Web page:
St. Philip Lutheran Church
4 April 2021 + Resurrection of Our Lord
Rev. Josh Evans, preaching
It was the strangest funeral I’ve ever led. I wasn’t allowed to pass out the bulletins I had brought. Everyone wore face masks. Even the family that had carpooled together was told to stand six feet apart from each other during the short graveside service.
As a pastor, I’m frequently admitted into some of the most intimate places of people’s lives – places where it feels like I shouldn’t be, but somehow have the privilege to stand in. When I was a chaplain intern in a hospital, it meant being allowed behind doors that read “authorized personnel only.” At Doris’s funeral, it meant being allowed to preside at an in-person graveside liturgy at Wisconsin Memorial Park Cemetery, only a few weeks into the pandemic lockdown.
One year ago today, when I presided at Doris’s funeral, it was the eve of Holy Week, the Saturday before Palm Sunday. So much has changed in the year since then.
We’ve seen some stuff. A world shut down by a virus. Nearly 3 million deaths worldwide. One less place setting at the family dinner table. Protests over racial injustice erupting in cities from coast to coast. So much loss. So much anger. So much grief. So much uncertainty.
We’ve seen some stuff.
The disciples had seen some stuff. It was the strangest few days. They saw their rabbi and friend arrested in the garden, on trial before both Jewish and Roman authorities, and sentenced to death. They saw Jesus nailed to the cross. They heard him cry out, “It is finished.” They felt his last breath, as though it was their own, as he gave up his spirit. They saw Jesus die, and they saw him laid in the tomb.
The next day, while it was still dark, in more ways than one, Mary saw the tomb and the stone rolled away. That’s strange, she thought. Peter saw the linen wrappings, but no body. So did the “other disciple” – who exactly? – who saw… and believed… sort of… but didn’t fully get it. Alone again, Mary saw the two angels. She saw the gardener.
Mary and the other disciples saw a lot, but like anyone wracked with grief, did they really know what was going on? Fumbling around in the dim half-light of the early dawn, through swollen eyes still foggy with tears, the disciples had seen some stuff.
Why are you weeping? You have to be kidding. Whom are you looking for? Really? She was looking for the body. The dead body. She had no reason to expect anything else or hope for something different.
Whom are we looking for? What are we looking for?
Not long after Doris’s funeral last year, after Holy Week and Easter had come and gone, I went to visit two of my parishioners at their home. It was a nice day, so we could sit outside in their driveway at a distance. Since the pandemic shut down business as usual and forced all our services online, they hadn’t been able to participate in church since they didn’t have internet at home. So they asked me if I would come over to give them communion. When I arrived, they had their own wine and wafers set out on the trunk of their car in their garage, and three lawn chairs set out for us to sit.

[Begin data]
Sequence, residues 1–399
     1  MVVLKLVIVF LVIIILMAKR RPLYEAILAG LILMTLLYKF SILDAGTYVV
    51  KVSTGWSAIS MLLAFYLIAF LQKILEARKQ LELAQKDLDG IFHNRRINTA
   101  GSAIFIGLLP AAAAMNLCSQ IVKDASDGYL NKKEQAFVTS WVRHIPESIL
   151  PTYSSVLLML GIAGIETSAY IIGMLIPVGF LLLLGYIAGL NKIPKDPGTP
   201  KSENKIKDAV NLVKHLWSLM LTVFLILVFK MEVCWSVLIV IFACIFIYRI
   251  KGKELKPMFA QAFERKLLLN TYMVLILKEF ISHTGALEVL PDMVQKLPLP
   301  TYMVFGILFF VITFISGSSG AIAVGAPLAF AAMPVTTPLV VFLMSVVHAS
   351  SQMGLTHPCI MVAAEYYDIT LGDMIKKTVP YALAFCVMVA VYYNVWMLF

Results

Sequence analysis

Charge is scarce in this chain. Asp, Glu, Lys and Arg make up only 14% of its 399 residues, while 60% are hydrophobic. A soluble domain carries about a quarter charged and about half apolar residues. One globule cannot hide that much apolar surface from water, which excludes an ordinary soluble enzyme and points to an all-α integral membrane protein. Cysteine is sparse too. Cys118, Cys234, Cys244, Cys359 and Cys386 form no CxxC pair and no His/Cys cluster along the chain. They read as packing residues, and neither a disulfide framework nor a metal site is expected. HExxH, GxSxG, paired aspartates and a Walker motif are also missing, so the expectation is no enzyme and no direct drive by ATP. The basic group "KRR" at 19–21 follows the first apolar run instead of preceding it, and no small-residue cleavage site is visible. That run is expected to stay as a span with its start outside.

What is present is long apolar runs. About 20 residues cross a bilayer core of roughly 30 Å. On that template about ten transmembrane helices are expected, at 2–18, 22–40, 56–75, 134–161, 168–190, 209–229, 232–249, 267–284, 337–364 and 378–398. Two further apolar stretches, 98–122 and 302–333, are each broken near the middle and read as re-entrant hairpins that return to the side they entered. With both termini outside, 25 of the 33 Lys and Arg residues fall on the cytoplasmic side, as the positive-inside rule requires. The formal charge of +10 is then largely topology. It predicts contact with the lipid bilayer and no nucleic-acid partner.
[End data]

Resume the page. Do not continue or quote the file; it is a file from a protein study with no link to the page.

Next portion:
I pulled out my own communion elements – a small mason jar with a splash of wine and a ziplock bag with a single Wheat Thin, and together we shared communion, read scripture, and prayed.
It wasn’t what I was looking for, but it was what I needed. In that moment of driveway communion, I had seen the Lord, the presence of the risen Christ in our midst, in the most unexpected and surprising circumstances.
Mary had seen some stuff. She was looking for a dead body. She had no reason to expect anything different. But in that moment, with the simple utterance of her name, she is seen, and she sees. She didn’t go looking for resurrection that morning. She didn’t think it was possible. But resurrection happened nonetheless.
This Easter, like last Easter, might not feel like much of a cause for shouting alleluia, while we watch church on our screens, if we’re even watching church at all. It’s been a heavy year, and we’ve seen some stuff. And that stuff is real and valid and not to be dismissed.
But it is precisely in those places that resurrection happens, that the risen Christ shows up. Early on the first day of the week, while it was still dark… when it doesn’t feel very much like Easter… when we’re not expecting anything more than grave wrappings… The light shines in the darkness, and the darkness does not and cannot and will not overcome it. The risen Christ stands in the dark half-light of the garden, calling Mary’s name, calling our names, holding our grief and our joy and everything in between.
Resurrection is not something that we set out to find or look for, and it’s certainly not something that we expect. But that’s the miracle of resurrection: It’s always surprising, a profound experience of abundant life, of seeing and being seen, that leads us to declare with Mary, “I have seen the Lord!”
Alleluia, dear church. Christ is risen!
Christ is risen indeed, alleluia!